Normally, videos posted on HBIC contain some sort of violent act that should be reprimanded. Thankfully, the Oil Capitals aren't a part of this trend. The MJHL team's marketing manager thought it would be a good idea to get the team to do some sort of holiday video in the hopes of drawing a little attention to the team. Within 48 hours, the team's YouTube video had gone viral in a big way as CBC picked it up amongst other outlets. I had been told about the video on Saturday, but didn't actually get around to watching it until yesterday. I'll say that was a mistake because this video is AWESOME!

Full credit to Lindsey Gullett and the marketing team of the Virden Oil Capitals because I'm impressed. The lead man with his manly moustache that carries the bulk of the lip syncing is twenty year-old defenceman Curtis Houlden, and he does a magnificent job in raising some Christmas spirit. Kudos to the entire Ice Capitals team because this video is all about the spirit of Christmas.
Without any pause, I can say that I am proud to be from Manitoba with an effort like this. Well done, lads! I was especially impressed with the two spinning goaltenders, Adam Irwin and Kyle Beckett, and the spin move pulled off by #14 Jordan Greig. This felt like a Broadway production with all that choreography and timing! If any of these guys are looking for summer work, Rainbow Stage may be looking for extras in their plays!

Honestly, it's nice to see the players having a little fun while raising some Christmas cheer. Excellent work, Ice Capitals! Enjoy the holidays, and all the best as you look to wrap up top spot in the MJHL's Sher-Wood Division!

Until next time, keep your sticks on the ice!

Sunday, 15 December 2013

Tool By A Tradesman

If you haven't been listening to HBIC Radio, you're missing out on some good stuff. Sure, the replays of UMFM's The Hockey Show are on there where we have fun on Thursdays, but I'm adding some exclusive content as well. Today, I want to transcribe the interview I did with the man pictured to the left, Mr. Brian Poe! Brian is the man who is in charge of Hockey Doctor, Inc., and his company has the exclusive NHL contract, along with other leagues, to provide the NHL with stick measurement gauges! Let's take a look at how Mr. Poe got into the stick measurement business!

TEEBZ: You sort of branched out on your own. You came up with this piece of equipment that the NHL absolutely needed in terms of getting their game going. It's a piece of equipment that basically I always found pretty fascinating because there's no real information as to where it started, where it came from, who got it started. Talk a little bit about the stick measurement tool and how your company started making them.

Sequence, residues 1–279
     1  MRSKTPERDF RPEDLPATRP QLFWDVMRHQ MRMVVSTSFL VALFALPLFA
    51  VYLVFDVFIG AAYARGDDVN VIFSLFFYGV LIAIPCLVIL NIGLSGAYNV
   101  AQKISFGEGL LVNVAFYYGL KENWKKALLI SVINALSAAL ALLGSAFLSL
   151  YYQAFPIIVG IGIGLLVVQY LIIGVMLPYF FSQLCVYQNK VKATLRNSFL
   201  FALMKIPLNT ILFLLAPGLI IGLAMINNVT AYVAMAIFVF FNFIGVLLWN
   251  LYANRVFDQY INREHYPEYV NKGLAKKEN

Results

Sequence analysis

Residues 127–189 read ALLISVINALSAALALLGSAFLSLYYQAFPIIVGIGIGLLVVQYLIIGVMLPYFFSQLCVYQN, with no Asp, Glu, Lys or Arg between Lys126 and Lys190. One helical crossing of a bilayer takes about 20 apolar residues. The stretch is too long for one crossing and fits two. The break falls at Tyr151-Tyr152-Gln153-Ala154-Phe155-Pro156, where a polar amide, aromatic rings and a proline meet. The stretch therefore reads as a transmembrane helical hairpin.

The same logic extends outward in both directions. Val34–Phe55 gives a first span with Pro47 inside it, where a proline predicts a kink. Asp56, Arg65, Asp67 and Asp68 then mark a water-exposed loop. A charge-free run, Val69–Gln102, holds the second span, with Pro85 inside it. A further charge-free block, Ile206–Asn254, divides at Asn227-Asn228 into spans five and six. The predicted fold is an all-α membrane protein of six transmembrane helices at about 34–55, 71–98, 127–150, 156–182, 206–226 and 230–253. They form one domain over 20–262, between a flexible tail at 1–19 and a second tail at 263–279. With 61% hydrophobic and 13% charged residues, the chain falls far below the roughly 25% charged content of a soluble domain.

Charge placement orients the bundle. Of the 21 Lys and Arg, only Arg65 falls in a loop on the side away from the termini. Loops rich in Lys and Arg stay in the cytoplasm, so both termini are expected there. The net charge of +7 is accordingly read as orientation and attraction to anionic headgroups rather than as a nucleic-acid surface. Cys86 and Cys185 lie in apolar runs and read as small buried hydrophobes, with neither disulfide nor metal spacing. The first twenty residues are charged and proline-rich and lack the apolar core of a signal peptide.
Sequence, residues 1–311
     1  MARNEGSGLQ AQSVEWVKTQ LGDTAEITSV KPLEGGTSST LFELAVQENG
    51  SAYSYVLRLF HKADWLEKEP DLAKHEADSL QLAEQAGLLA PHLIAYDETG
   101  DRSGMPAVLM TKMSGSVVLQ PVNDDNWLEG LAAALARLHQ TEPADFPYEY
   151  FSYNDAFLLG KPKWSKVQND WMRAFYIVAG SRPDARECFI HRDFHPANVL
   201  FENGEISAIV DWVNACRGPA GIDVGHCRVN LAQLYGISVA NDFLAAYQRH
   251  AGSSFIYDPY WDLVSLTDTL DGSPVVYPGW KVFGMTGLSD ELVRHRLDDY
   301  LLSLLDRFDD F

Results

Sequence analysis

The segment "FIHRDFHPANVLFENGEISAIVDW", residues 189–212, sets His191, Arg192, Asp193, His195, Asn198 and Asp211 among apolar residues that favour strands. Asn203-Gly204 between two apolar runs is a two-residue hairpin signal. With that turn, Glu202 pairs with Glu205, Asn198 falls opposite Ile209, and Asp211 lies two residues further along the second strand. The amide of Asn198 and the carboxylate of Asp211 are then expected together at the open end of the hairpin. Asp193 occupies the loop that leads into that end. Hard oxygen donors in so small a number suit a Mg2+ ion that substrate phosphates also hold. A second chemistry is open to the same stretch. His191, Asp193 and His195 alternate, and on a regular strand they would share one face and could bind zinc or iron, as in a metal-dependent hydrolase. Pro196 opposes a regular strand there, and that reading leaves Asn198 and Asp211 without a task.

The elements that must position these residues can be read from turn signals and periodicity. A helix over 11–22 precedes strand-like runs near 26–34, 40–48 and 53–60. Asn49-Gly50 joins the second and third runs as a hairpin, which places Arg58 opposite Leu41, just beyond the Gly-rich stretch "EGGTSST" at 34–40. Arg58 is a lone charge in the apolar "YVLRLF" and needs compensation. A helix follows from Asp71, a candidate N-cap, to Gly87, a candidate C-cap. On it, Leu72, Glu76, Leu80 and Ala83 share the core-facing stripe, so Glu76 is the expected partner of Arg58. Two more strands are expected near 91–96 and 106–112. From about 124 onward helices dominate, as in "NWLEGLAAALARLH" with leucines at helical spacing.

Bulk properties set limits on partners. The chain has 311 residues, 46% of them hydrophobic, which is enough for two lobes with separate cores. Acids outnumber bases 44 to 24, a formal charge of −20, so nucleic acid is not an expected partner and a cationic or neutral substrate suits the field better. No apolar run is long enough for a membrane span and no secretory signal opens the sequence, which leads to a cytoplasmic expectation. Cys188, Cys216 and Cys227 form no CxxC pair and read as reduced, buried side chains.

BRIAN POE: Yeah, I've always been a "niche product" kind of person. I see a gap in the market and I kind of want to fill that. I still kind of do that to this day to a small degree.

Just my own company, you said I work for them. Unfortunately, I'm a little bit of everything! I'm the marketing guy, the salesman, the manufacturer, distributor, designer, you name it. I've always had this thing for products that you can't, y'know, just get anywhere, and the stick gauge is one of them! I think somebody was looking for them - one of the equipment reps - and he had mentioned that "nobody makes them, I can't find them". I said, "Let me look into it." So I started into that. I just did regular retail sales. I had a few wholesale places that bought a few pieces at a time. It just kind of developed from there.

I don't even know who the real inventor is, but what I did was take - of course, the original type of "step", there are steps in the gauge that you put the blade in and measure - I kind of took that, redesigned it, I add some goalie measurements to it, something can be all-encompassing for that part of the market, and it turned out pretty well. I've been doing it for a long time, so that's kind of fun.

TEEBZ: It's kind of a cool way to sort of get in - not saying that you have to be a giant in the industry or anything like that - but you basically filled a niche that the NHL needed at that point because they had gone though, and in 2007, they changed the rule, going from a half-inch to three-quarters of an inch on their curvature, and needed something to change the old style which hadn't been changed since 1967-68 when the NHL expanded from six to twelve teams. I that was a pretty cool setup that you did there which, obviously, has gone pretty well for you.

BRIAN POE: Yeah, when they originally had looked for another manufacturer or whoever was making them, I guess they tripped on me. A few people told them about me, and they sent me an email to say, "Do you know that guy who makes them? We're looking for a few some new parts of the league."

I said, "Yeah, I know that guy. Boy, he's really good-looking too!"